What would you have done if you had invented one of the key components of the internet and promptly become very rich indeed? It would be hard to think of a better solution than that of Sandy Lerner, co-inventor of the router, who bought up a rundown manor house in Chawton, Hampshire, which had once belonged to Jane Austen’s brother, Edward Austen-Knight. After a decade of extensive restoration, Chawton House reopened as one of Britain’s newest research libraries, specialising in women’s literature.
Last year, I fulfilled a dream of mine from my MA days, and got to spend a month there as a visiting fellow, researching my PhD. From the Steinway grand in the living room to the shiny copper pans hanging over the kitchen table to the four-poster bed, I’d never lived like it before and never will since.
This must be what it was like to have an aristocratic patron, I thought to myself. The idea sprang into my head of a modern take on the country house poem, in the tradition of Ben Jonson and Andrew Marvell, that would thank the staff for my unforgettable month here. I daydreamed of being appointed Chawton House’s poet laureate and being given my own tiny office in the eaves of the house, where I would write poems to Sandy Lerner’s cats and subsist solely on sherry. Alas, it was not to be—but I did manage to see my poem printed in the library’s newsletter, The Female Spectator.
Now that Hampshire’s poet laureate has paid a visit and written a sequence of poems about her time there, I thought it high time I gave my poem a new airing.
Fruitful October’s been and gone
And drear November’s drawing on
At Chawton House, so much renowned
For wholesome air and fertile ground
As every fruit tree here evinces,
Weighed down with apples, pears and quinces.
Though roses droop and leaves may fall
Before the threat of frost and squall,
From every pamphlet, every tome
A harvest has been gathered home,
From every essay, poem and story:
And still the grounds are in their glory
Of gold and brown and yellow green
And mixtures hardly sung or seen.
To stroll amid the wilderness
And see the woods in autumn dress
Adds a fresh pleasure to the store:
Then back into the house once more!
For there are concerts to applaud
Upon the polished harpsichord,
And morning light that gilds and graces
The panelled rooms and fireplaces,
And portraits splendid in their frames
Of gay coquettes and haughty dames,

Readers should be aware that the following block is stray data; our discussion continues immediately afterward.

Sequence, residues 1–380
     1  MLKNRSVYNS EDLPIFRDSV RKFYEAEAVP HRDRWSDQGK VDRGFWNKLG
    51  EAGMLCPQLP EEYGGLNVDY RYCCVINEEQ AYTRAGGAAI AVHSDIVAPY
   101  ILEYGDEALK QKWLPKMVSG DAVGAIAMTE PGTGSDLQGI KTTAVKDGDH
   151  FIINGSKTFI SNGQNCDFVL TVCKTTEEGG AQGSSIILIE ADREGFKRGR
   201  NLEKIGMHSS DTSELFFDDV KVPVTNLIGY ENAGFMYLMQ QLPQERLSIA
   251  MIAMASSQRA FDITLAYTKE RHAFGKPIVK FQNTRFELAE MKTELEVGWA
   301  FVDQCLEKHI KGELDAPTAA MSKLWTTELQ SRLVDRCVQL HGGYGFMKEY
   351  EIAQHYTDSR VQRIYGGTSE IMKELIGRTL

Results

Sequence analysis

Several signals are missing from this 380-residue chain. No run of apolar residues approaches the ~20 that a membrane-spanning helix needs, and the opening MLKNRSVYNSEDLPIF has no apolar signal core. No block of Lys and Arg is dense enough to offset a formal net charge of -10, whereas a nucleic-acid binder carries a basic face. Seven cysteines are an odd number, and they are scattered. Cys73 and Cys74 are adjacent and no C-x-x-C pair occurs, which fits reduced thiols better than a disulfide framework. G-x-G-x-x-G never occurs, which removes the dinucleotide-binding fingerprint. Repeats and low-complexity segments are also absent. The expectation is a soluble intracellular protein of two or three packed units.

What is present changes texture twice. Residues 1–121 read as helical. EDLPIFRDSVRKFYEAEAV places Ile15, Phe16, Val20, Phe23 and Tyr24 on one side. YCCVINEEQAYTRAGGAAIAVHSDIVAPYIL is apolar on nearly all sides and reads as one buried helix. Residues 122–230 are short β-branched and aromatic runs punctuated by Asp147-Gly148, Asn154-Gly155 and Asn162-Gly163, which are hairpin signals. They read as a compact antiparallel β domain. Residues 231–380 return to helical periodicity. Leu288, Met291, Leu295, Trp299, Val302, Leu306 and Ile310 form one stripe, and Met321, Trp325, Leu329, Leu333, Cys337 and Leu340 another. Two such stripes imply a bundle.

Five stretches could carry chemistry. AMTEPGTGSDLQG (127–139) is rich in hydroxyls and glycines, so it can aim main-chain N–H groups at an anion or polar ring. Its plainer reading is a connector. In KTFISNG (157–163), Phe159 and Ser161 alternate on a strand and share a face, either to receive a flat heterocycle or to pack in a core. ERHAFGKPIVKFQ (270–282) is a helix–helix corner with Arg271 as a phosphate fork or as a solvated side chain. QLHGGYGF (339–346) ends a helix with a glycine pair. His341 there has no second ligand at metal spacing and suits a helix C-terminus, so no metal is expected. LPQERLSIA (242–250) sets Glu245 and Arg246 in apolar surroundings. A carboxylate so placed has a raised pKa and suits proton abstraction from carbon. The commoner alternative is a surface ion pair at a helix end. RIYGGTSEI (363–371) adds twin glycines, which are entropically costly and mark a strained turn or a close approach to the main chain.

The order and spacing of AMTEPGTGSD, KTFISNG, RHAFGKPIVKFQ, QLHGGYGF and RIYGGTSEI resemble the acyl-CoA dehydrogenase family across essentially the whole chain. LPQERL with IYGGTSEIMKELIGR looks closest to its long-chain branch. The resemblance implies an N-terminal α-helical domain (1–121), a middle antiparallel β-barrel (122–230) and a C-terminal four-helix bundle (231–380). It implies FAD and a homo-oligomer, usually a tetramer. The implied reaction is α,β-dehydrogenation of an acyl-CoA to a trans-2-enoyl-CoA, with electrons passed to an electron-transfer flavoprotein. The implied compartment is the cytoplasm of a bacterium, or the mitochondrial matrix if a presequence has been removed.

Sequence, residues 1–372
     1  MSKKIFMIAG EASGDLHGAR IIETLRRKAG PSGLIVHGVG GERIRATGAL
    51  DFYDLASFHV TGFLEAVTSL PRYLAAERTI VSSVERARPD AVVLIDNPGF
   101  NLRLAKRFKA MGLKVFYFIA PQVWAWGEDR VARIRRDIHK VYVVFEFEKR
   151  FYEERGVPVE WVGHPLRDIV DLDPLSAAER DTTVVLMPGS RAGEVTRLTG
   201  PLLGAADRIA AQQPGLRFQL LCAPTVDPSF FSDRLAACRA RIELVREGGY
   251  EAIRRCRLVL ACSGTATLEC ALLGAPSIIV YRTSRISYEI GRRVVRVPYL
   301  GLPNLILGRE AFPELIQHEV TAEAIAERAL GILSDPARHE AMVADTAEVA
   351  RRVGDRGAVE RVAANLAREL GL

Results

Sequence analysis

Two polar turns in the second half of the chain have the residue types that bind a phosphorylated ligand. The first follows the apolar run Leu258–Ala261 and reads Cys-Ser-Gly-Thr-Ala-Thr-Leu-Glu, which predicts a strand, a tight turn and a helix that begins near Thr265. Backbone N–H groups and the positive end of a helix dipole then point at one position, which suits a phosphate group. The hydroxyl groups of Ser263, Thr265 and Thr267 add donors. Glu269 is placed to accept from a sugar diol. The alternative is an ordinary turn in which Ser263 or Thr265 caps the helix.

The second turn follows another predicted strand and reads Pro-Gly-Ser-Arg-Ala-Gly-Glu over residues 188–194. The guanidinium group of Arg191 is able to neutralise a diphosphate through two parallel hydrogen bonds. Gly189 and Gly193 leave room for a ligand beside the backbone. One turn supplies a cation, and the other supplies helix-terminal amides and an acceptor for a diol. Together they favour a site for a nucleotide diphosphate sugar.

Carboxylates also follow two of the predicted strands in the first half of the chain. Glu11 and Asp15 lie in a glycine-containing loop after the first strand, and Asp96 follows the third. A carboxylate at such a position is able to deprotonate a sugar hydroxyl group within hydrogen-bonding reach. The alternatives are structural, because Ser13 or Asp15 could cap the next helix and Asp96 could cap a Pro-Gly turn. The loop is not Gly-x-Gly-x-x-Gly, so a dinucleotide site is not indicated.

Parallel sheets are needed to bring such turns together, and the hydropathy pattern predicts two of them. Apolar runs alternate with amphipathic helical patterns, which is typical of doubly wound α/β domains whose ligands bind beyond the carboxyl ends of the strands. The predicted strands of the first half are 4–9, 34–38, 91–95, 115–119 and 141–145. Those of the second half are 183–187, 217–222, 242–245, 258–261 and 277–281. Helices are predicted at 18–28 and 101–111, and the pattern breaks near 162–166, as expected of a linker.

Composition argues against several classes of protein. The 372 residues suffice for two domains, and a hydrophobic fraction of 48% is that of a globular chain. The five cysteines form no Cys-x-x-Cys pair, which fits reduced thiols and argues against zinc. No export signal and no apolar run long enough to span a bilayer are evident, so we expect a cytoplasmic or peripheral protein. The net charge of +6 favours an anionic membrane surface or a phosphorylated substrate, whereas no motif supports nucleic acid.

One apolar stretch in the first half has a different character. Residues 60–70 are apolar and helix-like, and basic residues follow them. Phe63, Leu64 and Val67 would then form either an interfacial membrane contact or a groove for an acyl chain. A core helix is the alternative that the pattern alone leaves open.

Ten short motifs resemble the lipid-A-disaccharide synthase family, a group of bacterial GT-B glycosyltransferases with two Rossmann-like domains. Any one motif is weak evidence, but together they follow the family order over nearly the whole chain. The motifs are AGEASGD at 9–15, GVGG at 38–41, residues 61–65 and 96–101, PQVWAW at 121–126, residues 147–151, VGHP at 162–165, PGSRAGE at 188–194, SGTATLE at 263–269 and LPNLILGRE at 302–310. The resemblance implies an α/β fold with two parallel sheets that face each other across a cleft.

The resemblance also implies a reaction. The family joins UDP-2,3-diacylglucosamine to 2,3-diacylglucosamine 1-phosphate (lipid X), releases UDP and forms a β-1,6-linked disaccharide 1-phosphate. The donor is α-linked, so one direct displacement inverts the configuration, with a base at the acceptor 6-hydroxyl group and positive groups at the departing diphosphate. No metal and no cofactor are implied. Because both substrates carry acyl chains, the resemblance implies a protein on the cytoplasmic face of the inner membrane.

And Knights of centuries gone by
Who gaze with an approving eye.
Plush window seats, where I am certain
To hide behind th’embroidered curtain
And read for hours like Jane Eyre
Or even – dare I? – take the chair
Where Austen used to sit and write.
There is no end to my delight,
For there are shelves and stacks and hoards
Of Books en dishabille in boards,
Or paperbacks – pert springy nippers,
Or grave octavos in their slippers,
Or volumes – three or four together
All bound in fine Morocco leather,
Whilst slim selecteds – bold young turks –
Vie with august collected works
To entertain me with their art:
How sad that they and I must part!
It’s Valentine’s Day. People’s reaction to this seems to vary sharply between the blissful and the bitter, depending on a variety of factors including whether or not they’re in a relationship, their tolerance for public displays of affection and how well they respond to a traditional holiday whose rituals have been totally erased and rewritten by the forces of capitalism.
See? I’m sounding bitter already, and I’m not even trying. In fact, I’m in clover; this is only the second Valentine’s Day of my life I’ve spent in a relationship. Unfortunately, the lovely lady concerned is five thousand miles away with the whole continent of North America and the Atlantic Ocean in between us, so we’re going to have to content ourselves with a Skype date.
I also sent a card, which I don’t usually do. I worked for nine months in a branch of WHSmith, and daily exposure to their rack of greetings cards, which varied from the nauseatingly crude to the nauseatingly saccharine, put me off sending any kind of birthday, valentines or mother’s or father’s day card for the next several years. I sent letters and phone calls instead.